In December 2004, total net assets of China’s 114 securities firms were 66.9 billion yuan ($8.3 billion), with 45.3 billion yuan ($5.6 billion) in net capital. The growing pains alluded to by Jin are due in part to reorganization in the sector. Firms are now consolidating, with some 17 shut down since 2003. The sector is also undergoing a period of innovation, he added, with a new emphasis on professionalism (offering value-added client services) and internationalization (the development of overseas business and joint ventures).
The mutual fund market is also in an “innovation” phase, reported Ding Ying, deputy executive officer and chief investment officer, Citi Fund (China). In recent years, the country has instituted the Chinese Securities Investment Fund Law, which regulates fund managers and fund custodians. Additional laws were created by the State Council and the China Securities Regulatory Commission. Now open to foreign investors, China’s mutual fund market boasts total assets of 400 billion yuan ($49.6 billion), with banks serving as the main sales channel for funds.
China’s stock market has seen huge changes since the establishment of the Shanghai Exchange and Shenzhen Exchange in 1990. Then, 10 companies were listed. By 2004, that number had risen to 1,377. Tradable capital stock value is $140 billion, and total capital values are $150 billion. “This is relatively small compared to the market in the U.S.,” acknowledged Wu Zuyao, vice director of research, China Galaxy Securities, “but there is huge potential for growth.” According to Wu, the volatility of the stock market is decreasing, with individual investors — UBS is the largest foreign investor — dominating the market.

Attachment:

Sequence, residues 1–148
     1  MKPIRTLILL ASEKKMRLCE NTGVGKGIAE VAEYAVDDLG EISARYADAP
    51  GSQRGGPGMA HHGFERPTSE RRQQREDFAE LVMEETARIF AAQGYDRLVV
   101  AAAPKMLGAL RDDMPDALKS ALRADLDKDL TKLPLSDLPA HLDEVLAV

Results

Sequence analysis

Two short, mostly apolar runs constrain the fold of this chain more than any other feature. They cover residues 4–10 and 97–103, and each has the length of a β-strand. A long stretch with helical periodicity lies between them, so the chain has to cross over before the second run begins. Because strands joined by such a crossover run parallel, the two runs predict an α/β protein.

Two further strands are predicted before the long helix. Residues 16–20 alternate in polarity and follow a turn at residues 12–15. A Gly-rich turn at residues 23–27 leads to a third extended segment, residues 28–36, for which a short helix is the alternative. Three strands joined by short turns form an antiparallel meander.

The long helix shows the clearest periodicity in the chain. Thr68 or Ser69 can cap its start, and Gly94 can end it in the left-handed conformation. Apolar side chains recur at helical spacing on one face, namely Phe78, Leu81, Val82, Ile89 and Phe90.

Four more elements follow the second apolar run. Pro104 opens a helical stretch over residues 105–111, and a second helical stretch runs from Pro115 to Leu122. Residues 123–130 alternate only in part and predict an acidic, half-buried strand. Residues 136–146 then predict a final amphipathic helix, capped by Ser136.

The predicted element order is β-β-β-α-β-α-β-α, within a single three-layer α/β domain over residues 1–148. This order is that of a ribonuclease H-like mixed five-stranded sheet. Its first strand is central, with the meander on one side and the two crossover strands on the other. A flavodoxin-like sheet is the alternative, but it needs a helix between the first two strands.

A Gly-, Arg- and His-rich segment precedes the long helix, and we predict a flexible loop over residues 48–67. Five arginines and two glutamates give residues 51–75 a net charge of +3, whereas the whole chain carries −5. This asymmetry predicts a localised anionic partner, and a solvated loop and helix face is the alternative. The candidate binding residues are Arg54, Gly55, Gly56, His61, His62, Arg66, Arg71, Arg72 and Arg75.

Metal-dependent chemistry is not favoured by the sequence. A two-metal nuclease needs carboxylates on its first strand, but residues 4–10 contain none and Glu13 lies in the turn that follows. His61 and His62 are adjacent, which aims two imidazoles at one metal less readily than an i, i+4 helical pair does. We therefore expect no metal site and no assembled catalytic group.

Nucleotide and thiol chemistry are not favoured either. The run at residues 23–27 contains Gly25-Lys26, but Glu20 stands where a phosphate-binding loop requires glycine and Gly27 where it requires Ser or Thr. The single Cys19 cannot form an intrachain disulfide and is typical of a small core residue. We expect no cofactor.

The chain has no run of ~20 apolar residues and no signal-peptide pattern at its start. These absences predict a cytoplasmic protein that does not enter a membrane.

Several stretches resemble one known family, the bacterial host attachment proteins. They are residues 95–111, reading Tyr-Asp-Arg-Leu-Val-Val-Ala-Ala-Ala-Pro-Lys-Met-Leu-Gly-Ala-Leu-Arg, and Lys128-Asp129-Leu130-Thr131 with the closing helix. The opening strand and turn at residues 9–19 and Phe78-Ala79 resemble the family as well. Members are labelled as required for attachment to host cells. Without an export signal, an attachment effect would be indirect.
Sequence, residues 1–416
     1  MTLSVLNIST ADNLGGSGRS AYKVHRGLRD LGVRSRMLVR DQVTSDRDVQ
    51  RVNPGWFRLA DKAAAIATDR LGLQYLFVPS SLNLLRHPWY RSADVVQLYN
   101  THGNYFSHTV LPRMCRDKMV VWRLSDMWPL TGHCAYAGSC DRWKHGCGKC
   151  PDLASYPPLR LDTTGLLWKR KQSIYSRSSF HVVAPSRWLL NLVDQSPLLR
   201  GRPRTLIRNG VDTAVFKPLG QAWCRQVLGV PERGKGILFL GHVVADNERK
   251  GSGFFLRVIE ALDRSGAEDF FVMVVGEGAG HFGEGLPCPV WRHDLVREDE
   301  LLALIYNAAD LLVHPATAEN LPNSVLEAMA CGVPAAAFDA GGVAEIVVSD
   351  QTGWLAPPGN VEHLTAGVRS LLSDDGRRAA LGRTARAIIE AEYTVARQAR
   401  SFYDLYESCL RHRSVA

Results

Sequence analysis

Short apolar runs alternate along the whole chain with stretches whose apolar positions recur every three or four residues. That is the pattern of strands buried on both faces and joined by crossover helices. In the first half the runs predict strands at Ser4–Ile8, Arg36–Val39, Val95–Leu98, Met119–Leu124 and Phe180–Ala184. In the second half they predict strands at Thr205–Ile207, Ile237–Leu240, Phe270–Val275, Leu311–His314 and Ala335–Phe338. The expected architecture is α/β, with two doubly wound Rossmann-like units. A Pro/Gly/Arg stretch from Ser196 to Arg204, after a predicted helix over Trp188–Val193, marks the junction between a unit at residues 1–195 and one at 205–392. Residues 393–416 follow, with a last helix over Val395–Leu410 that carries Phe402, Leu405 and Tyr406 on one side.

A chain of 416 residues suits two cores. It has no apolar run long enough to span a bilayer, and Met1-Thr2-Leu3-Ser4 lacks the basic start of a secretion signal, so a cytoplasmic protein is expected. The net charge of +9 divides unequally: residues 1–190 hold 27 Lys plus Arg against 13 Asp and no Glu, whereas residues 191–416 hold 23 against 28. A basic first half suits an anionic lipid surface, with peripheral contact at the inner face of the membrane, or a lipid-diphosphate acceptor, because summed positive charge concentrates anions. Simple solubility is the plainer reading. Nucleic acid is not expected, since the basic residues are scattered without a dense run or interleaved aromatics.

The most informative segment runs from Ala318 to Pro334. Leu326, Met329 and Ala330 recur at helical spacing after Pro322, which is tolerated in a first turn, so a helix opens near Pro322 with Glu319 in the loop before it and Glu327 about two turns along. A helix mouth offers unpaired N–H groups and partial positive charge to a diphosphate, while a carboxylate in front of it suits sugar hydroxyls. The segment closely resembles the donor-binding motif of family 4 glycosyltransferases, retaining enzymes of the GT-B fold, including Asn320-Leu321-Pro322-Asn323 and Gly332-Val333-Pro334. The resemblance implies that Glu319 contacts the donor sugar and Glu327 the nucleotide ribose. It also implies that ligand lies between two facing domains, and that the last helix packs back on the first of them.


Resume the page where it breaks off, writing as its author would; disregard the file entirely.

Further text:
According to Wu, one of the main problems affecting the stock market is non-tradable stock, a peculiarity of the Chinese market where it is common for as much as two-thirds of a firm’s total capital to be non-tradable. “We cannot do M&A work in this market if most shares can’t be traded,” said Wu , adding that the government is working hard to convert non-traded to tradable stock. In addition, governance has improved markedly and internal risk control systems have been established. Wu’s outlook on the stock market is extremely positive. “The ratio of capital markets to GDP is only 20%,” he said. “We have sufficient funding potential, including pension funds, social security funds and insurance funds.”
Early on, investors were reluctant to buy stocks, noted He Kuanhua, chief business officer, Investment Banking Department, G. F. Securities Co. Ltd., but that has changed as consumer confidence has risen. In the past, the government heavily regulated the size of IPOs and restricted the number of IPO firms in each region, he said. Recently the government has tried to reduce its impact on issuance, although qualified companies still need approval from the government to pursue an IPO. In 2005, while the government worked on reforming non-tradable stock, IPOs were halted, although activity is expected to resume soon, he added.